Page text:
Doctors at the U.S. Department of Veterans Affairs medical center in Tomah, Wisconsin, engaged in unsafe clinical practices while the hospital leadership created a culture of fear that compromised care and harmed the staff, according to a preliminary report released today.

The report, written by the VA’s interim undersecretary for health, Carolyn Clancy, is based on an internal probe the agency announced in January after The Center for Investigative Reporting revealed that runaway opiate prescriptions had caused some veterans to call the hospital “Candy Land.”

Last August, a 35-year-old Marine Corps veteran died of an overdose while in the hospital’s psychiatric ward.

The VA’s internal investigation confirmed many of CIR’s findings. It found that Tomah VA patients were 2.5 times more likely than the national average to be prescribed heavy doses of opiates, and that narcotic painkillers frequently were issued in combination with tranquilizers – a combination that can cause a person to stop breathing.

The preliminary report describes multiple instances of “patient harm at least partially attributable to prescribing practices” at the hospital and says that veterans’ medications were not changed even “in the face of aberrant behavior.”

Clancy said the investigation would continue. Tomah VA chief of staff David Houlihan, whom veterans nicknamed the “Candy Man,” has been placed on administrative leave while the VA’s internal investigation continues, as has Deborah Frasher, a nurse practitioner who worked closely with Houlihan.

In addition to the agency’s internal review, the Tomah hospital also is being investigated by the VA’s inspector general, two congressional committees and the Drug Enforcement Administration, while the Wisconsin Department of Safety and Professional Services has opened an inquiry into Houlihan, Frasher and pharmacist Margaret Hyde at the Tomah VA, which could cause them to lose their medical licenses.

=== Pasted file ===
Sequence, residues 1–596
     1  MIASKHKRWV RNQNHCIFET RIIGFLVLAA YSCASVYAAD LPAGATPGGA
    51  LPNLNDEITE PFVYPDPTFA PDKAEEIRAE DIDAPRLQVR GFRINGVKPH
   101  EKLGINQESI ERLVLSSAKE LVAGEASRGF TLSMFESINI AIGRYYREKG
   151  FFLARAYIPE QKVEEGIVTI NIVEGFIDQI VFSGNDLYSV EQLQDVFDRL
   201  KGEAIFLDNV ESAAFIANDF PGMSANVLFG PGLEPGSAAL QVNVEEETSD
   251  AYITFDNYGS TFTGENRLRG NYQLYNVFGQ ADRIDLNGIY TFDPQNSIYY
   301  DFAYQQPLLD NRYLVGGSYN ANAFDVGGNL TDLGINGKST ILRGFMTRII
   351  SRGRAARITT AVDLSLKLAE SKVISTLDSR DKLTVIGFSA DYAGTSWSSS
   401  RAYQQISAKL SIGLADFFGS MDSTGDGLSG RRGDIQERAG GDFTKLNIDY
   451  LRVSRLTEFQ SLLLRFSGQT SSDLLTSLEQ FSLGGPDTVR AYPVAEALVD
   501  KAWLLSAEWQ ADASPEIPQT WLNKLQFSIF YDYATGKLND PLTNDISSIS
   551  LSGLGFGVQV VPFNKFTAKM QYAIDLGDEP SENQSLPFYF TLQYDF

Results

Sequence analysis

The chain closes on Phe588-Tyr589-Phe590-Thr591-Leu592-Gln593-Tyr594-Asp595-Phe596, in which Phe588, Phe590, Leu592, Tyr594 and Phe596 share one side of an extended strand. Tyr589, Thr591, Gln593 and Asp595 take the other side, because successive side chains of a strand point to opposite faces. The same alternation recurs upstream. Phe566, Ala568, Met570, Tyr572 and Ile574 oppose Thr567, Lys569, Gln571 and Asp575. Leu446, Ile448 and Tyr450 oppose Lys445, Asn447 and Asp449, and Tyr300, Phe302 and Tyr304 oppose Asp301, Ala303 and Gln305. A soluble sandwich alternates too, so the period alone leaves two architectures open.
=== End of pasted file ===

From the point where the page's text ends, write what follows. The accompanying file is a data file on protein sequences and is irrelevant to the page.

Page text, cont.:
Aaron Glantz was a senior reporter at Reveal. He is the author of "Homewreckers: How a Gang of Wall Street Kingpins, Hedge Fund Magnates, Crooked Banks, and Vulture Capitalists Suckered Millions Out of Their Homes and Demolished the American Dream." Glantz produces journalism with impact. His work has sparked more than a dozen congressional hearings, numerous laws and criminal probes by the Drug Enforcement Administration, FBI, Pentagon and Federal Trade Commission. A two-time Peabody Award winner, finalist for the Pulitzer Prize, multiple Emmy Award nominee and former John S. Knight journalism fellow at Stanford University, Glantz has had his work has appear in The New York Times, Chicago Tribune, NBC Nightly News, Good Morning America and PBS NewsHour. His previous books include "The War Comes Home" and "How America Lost Iraq."